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DES and mapping

In this video, the underlying mechanism of Direct electrical stimulation is explained by our clinical neurophysiologist, Dr. Gea Drost.
In this video, we give you a few more details about we map the brain areas in question with direct electrical stimulation and how electricity is the language of the brain. Different parts of the brain communicate by transmission of electrical signals. That’s why we use electrical stimulation to activate or to inhibit brain functions, such as motor function and language. By electrical stimulation of the brain of, for example, the motor cortex, it is possible to activate the function. You can see the effects when the muscle of the patient contract. That’s what we do in motor mapping. To elicit a movement, a certain level of stimulation is needed.
The lowest level of stimulation intensity in which a contraction or a movement occurs is called the stimulation threshold. This stimulation threshold differs per individual. So when we start with language mapping, we first determine the individual stimulation threshold on the motor cortex.
In language testing, eliciting an answer by stimulation is not possible. We cannot make a patient speak by simply stimulating an area. So the only thing we can do now is to disturb the electrical activity of the brain. That is called inhibition, which results in language disturbances. Cortical and subcortical inhibition of language is more complicated than stimulation of the motor cortex and motor pathways. The reason why is not straightforward, and precise details about the underlying mechanisms are still unknown. The probes we used to stimulate the brain are bipolar or monopolar. We use the bipolar probe for language testing. As stimulation parameters, we can choose the pulse width, amount of pulses, frequency, and intensity. These stimulation parameters are important.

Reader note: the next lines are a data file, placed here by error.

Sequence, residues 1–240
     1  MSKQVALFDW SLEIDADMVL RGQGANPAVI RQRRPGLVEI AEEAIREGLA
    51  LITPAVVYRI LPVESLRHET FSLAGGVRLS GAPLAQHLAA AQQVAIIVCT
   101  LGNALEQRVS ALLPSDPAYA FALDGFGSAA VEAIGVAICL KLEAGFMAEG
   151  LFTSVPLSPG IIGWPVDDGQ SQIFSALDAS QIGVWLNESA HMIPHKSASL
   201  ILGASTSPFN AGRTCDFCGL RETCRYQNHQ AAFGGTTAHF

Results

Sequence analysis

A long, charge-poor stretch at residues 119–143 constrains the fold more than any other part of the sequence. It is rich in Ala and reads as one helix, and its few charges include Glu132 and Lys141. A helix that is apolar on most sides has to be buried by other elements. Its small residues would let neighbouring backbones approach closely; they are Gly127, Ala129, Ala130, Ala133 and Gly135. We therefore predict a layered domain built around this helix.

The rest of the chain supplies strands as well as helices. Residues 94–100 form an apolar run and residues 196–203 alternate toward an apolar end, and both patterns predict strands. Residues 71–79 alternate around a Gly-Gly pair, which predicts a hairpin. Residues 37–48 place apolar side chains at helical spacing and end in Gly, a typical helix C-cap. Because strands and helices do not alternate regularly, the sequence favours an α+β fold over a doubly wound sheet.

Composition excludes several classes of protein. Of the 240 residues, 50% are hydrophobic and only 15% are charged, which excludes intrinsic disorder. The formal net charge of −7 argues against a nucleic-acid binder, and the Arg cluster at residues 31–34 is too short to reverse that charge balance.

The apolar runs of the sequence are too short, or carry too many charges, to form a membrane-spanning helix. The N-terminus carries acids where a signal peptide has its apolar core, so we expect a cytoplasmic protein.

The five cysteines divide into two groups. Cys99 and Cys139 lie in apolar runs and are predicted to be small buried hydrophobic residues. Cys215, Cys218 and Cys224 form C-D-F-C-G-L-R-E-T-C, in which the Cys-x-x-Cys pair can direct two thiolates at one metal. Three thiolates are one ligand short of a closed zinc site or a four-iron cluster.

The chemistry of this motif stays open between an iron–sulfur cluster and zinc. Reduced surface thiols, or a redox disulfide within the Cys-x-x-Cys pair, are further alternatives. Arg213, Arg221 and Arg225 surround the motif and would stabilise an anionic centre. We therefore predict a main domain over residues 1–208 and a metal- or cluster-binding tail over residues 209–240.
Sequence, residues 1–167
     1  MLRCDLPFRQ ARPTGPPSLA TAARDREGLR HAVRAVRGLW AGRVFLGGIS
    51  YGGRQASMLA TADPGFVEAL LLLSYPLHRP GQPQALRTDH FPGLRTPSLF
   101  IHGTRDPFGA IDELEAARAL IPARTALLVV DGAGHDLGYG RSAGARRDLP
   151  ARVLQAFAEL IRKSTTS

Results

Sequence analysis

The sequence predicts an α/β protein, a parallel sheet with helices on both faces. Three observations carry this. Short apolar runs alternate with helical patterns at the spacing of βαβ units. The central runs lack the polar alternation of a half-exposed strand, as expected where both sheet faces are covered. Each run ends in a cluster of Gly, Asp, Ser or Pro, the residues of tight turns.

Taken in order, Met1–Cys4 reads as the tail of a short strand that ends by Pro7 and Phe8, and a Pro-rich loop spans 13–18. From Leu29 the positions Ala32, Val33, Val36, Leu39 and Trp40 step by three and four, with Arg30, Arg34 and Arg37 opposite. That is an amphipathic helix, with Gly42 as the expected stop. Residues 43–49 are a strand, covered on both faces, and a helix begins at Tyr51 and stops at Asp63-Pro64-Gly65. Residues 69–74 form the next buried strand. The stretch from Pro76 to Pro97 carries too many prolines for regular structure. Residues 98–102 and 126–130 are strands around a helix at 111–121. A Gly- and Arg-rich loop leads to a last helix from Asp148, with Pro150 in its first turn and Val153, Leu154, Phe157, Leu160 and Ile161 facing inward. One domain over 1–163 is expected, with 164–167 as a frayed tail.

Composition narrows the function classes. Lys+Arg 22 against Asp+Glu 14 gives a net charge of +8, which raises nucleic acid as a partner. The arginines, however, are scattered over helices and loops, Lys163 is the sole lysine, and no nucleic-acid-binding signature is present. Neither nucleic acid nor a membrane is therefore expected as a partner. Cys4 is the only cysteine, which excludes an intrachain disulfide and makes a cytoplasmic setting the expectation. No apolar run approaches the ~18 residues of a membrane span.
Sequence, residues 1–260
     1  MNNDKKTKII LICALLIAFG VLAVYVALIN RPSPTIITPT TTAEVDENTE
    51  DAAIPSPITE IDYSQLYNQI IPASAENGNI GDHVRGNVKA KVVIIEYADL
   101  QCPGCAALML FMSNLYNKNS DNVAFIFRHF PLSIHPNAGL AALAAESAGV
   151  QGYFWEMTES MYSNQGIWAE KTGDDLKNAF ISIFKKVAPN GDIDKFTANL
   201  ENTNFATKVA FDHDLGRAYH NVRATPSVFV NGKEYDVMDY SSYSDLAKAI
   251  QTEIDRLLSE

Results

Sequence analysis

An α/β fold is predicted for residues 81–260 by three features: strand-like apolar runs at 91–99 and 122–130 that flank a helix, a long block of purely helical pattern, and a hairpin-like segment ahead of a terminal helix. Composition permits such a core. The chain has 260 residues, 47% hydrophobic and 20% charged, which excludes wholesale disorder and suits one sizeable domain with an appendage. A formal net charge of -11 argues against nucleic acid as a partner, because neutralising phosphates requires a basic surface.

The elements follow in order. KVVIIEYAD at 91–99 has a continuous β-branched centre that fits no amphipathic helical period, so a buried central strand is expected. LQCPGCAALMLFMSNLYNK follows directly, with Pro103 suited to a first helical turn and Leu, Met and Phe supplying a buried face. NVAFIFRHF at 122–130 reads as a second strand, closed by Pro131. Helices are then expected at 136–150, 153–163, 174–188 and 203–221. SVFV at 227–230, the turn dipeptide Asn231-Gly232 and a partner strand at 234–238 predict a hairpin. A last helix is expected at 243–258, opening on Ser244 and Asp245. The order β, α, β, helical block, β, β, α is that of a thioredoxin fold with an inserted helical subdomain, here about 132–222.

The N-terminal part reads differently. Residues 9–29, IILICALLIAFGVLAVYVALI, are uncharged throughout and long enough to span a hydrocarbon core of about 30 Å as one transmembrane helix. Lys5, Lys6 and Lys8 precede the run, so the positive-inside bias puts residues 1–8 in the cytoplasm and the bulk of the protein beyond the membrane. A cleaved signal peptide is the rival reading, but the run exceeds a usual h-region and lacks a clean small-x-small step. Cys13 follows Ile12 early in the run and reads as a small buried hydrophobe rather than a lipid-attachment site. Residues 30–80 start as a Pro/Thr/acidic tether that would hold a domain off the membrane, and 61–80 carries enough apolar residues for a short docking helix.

For example, high frequency stimulation evokes less seizures compared to the low frequency stimulation, better known as Penfield methods. Yet, we still use the Penfield methods because in our experience, it is the most effective method for language mapping. The maximal contact duration of the probe on the brain is four seconds. Safety comes first in stimulation. This means you have to stimulate enough to disturb the function, and on the other hand, make sure you don’t overstimulate and risk damage to function or elicit an epileptic seizure. Now that you’ve been introduced to the method itself, let us put it into practice in the operating theatre in the next videos.
In this video, the underlying mechanism of Direct Electrical Stimulation (DES) is explained by our clinical neurophysiologist, Dr. Gea Drost.

Warning – viewer discretion is advised. This video contains moving images of open brain surgery. This may be upsetting to some people.

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Language Testing During Awake Brain Surgery

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